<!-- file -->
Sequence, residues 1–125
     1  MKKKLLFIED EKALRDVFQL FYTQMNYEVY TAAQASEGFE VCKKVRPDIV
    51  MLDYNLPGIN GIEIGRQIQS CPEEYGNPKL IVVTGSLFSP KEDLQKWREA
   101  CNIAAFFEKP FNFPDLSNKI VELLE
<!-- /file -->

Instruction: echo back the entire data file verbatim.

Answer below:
Sequence, residues 1–125
     1  MKKKLLFIED EKALRDVFQL FYTQMNYEVY TAAQASEGFE VCKKVRPDIV
    51  MLDYNLPGIN GIEIGRQIQS CPEEYGNPKL IVVTGSLFSP KEDLQKWREA
   101  CNIAAFFEKP FNFPDLSNKI VELLE